Saturday Submissions – With Ciara Chapman

In Today’s Saturday Submissions, I speak to the lovely Ciara Chapman from ‘My Chronic Pain Diary’,

Ciara is from Cork here in Ireland and is 34 years old.  As yet she is undiagnosed but has been experiencing chronic pain as a result of a nerve problem for 2 years now and she’s been getting through the experience by creating a beautiful illustrated diary.

Taken from the ‘About’ page on her site:

“I started ‘My Chronic Pain Diary’ in January 2016 as a form of Art Therapy to help me cope with the mental and physical toll Chronic Pain has taken on me. It’s a very lonely and isolating experience, even if – like me – you are fortunate enough to be surrounded by and supported by the people you love. I found the medication I was prescribed made it difficult for me to read, the words were fuzzy and I had my fill of television so I turned to my love of drawing. I hope by sharing this diary it will reach people in similar situations, whether you are experiencing physical, mental or emotional pain it is so important to remember we are not alone.” – Ciara Chapman – http://www.mychronicpaindiary.com

Please take a look at these images, I think they are so full of meaning, fun and life, very beautiful and excellently executed. I love them! Enjoy!

 

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One step forward, two steps back.

3_Physio

Physiotherapy

5_OpinionAfterOpinion

Opinion after opinion after opinion…

7_Endless nights

Endless nights with little sleep

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Out to sea

51_HelpWanted

Help Wanted.

52_RainRainGoAway

Rain, rain go away

53_Knowingyourlimits

Knowing your limitations

56_IveStartedMeditation

Meditation

14_Ifeelguiltysometimes

I feel guilty sometimes

36_TimeFreeze

Time Freeze

 

Thanks so much to Ciara for sharing her wonderful illustrations with us, they really are stunning, please be sure to check out her link above and make a connection and please leave a comment or feedback if you relate to any of these images.

——— Wanna Be Part of Saturday Submissions?———-

All you have to do is tell us a little about yourself and write a blog post (Any word count) in relation to your chronic illness, or how a relation/friend/patient with an illness affects or interacts with you, etc. all welcome!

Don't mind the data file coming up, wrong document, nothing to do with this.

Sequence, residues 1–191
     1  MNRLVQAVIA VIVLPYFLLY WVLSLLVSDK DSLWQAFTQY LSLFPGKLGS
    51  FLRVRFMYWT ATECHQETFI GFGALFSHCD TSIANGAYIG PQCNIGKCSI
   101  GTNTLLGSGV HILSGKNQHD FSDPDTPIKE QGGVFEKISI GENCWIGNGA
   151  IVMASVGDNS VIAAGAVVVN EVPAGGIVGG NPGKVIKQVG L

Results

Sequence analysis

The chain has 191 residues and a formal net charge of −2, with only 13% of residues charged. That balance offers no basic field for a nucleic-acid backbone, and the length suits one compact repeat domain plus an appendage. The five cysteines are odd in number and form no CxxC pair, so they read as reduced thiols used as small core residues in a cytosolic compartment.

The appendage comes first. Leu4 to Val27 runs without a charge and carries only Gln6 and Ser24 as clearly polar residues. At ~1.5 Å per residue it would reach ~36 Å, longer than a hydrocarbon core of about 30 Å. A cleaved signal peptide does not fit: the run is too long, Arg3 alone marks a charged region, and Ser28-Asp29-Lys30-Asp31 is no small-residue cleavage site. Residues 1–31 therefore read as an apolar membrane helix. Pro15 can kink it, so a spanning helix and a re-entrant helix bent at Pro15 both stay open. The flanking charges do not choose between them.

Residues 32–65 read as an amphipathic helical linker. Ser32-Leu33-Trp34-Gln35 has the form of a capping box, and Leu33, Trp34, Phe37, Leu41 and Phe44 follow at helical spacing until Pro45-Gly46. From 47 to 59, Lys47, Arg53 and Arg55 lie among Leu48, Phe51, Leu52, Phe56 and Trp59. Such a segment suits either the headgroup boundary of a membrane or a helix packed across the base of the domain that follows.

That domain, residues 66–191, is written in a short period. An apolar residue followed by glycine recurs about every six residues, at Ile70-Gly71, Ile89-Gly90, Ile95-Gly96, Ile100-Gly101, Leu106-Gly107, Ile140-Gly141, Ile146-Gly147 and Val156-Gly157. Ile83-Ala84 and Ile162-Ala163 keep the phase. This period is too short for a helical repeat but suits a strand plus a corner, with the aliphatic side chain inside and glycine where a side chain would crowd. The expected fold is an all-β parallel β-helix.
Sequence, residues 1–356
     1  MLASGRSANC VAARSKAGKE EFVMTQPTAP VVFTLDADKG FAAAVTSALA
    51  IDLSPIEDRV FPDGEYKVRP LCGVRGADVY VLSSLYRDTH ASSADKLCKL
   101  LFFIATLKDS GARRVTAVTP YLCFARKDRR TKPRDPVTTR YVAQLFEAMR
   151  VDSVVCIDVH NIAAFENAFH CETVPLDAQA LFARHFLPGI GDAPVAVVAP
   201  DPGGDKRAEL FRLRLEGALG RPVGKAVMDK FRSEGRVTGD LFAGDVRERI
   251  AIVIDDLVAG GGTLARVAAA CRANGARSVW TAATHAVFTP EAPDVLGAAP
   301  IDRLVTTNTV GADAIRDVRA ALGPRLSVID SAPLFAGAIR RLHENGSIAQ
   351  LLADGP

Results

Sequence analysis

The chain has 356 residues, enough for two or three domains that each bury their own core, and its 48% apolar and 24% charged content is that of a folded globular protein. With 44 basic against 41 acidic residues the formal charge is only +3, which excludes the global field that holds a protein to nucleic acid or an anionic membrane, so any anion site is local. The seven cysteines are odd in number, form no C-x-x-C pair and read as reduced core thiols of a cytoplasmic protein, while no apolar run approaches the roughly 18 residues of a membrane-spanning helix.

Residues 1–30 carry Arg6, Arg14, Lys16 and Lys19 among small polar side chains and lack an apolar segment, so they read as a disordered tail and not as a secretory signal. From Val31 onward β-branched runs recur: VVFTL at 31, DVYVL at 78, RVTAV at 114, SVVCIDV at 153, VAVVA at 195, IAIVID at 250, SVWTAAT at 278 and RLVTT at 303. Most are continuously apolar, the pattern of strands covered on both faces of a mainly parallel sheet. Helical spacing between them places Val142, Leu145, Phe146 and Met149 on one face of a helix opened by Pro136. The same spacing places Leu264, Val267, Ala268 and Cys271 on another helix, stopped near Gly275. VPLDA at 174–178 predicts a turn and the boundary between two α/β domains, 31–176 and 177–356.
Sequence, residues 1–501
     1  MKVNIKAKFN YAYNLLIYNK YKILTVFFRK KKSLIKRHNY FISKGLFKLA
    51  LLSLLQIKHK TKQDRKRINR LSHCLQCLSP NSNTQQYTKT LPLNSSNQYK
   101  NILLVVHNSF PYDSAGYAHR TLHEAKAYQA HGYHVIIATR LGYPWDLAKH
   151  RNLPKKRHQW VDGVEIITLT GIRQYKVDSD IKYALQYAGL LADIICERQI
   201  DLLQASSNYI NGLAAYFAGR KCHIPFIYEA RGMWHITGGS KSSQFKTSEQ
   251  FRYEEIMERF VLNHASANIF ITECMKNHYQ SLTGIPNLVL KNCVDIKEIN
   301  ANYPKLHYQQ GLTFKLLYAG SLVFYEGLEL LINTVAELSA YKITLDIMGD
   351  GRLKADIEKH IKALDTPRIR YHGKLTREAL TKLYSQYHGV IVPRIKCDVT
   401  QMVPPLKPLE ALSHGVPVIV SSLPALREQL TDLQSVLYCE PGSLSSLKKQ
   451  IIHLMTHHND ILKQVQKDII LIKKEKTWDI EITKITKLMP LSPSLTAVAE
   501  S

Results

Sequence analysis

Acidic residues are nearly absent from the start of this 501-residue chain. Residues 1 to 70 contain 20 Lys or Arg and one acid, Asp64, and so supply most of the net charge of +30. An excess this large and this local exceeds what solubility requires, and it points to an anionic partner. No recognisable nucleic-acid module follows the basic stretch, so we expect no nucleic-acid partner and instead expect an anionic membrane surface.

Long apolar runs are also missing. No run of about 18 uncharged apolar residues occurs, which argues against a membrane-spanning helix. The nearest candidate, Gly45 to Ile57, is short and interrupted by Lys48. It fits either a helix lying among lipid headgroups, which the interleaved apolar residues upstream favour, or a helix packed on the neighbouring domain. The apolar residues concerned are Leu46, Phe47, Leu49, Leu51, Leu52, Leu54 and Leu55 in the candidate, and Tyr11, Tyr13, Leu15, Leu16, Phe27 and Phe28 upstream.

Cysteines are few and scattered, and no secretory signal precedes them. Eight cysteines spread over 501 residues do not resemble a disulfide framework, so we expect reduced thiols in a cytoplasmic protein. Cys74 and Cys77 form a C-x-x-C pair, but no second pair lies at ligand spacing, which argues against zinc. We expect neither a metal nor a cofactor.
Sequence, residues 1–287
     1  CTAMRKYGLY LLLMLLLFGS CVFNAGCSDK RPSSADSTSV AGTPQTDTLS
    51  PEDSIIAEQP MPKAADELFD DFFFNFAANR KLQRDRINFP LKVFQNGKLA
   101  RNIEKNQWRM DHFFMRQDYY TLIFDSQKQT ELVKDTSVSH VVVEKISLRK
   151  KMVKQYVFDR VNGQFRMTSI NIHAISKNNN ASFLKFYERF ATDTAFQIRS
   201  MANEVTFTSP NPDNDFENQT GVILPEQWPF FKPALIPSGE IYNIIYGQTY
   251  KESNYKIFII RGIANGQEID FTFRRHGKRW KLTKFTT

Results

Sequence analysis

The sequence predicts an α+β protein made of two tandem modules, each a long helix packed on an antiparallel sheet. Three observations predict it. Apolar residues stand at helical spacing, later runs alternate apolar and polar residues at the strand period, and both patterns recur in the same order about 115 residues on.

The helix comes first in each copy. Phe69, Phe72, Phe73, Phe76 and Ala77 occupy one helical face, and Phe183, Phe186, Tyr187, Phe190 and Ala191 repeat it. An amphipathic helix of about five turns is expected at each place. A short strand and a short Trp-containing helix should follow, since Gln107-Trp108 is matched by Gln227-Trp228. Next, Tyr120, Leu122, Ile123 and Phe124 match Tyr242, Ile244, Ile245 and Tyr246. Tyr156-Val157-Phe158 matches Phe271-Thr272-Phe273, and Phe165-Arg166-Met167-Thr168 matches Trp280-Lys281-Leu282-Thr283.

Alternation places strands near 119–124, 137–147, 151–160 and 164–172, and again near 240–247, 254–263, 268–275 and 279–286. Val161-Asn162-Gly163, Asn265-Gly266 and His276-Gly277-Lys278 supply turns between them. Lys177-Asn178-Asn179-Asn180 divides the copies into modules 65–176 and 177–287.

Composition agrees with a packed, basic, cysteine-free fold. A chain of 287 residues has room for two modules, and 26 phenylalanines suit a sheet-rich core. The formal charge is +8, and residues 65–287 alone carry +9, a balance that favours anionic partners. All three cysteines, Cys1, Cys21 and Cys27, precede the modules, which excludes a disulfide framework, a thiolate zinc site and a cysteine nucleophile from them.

You can include photos (preferably your own, if found online be sure to add links to where you found them)

Be sure to add links to your social media accounts so people can link back to you OR You can write it anonymously if you like just be sure to put your details in the email so I can respond to you personally 🙂

You can send your submissions to: irishpotsies@gmail.com

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This time I ended up in the ICU!

It has been a crazy month, to say the least! A lot has happened, so this is going to be a long one, bear with me, I do these posts to refresh my own memory of everything that goes on too. There is a ‘too long didnt read” at the bottom of this for those of you who don’t want the nitty gritty, This post will include pictures and a short video clip of one of my seizures, so lets go…

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Just after I woke up in resus!!

Once again, on the 15th of July, I ended up having a Nurocardiogenic syncope at home followed by a prolonged seizure that required me to be sedated, intubated and rushed to Accident and Emergency via ambulance.

I was in resus until my breathing and everything was stable enough for me to be admitted, where then I waited on a trolly in A&E for 34 hours before being given a bed on a ward. 36 hours is the cut off point where a patient HAS to be given a bed, where I presume legal action can be pursued after this point, I don’t know to be honest.

After being admitted into the ER, waiting for a ward bed.

After being admitted into the ER, waiting for a ward bed.

It was 3am in the morning, I had been waiting around drunkards and violent drugged up assholes who had nothing better to be doing than shouting abuse and pulling off their bloody bandages where I could see where they had split their own heads open by falling backwards onto a kerb, probably falling only over their own feet or after starting some fight over something trivial. Either way I was finally given a bed on a ward, in a single room for the night where I really needed to catch up on some much needed sleep!

The following morning I was moved into a 4 bed ward nextdoor where it was quiet, lovely and peaceful, unlike the usual geriatric ward I normally end up on when I go into hospital. Here I caught up on sleep got a little better over a few days, then had another few seizures. Everytime I got medicated for the seizures they seemed to get worse, to the point where one day I had a seizure that made me end up in the HDU (High Dependency Unit)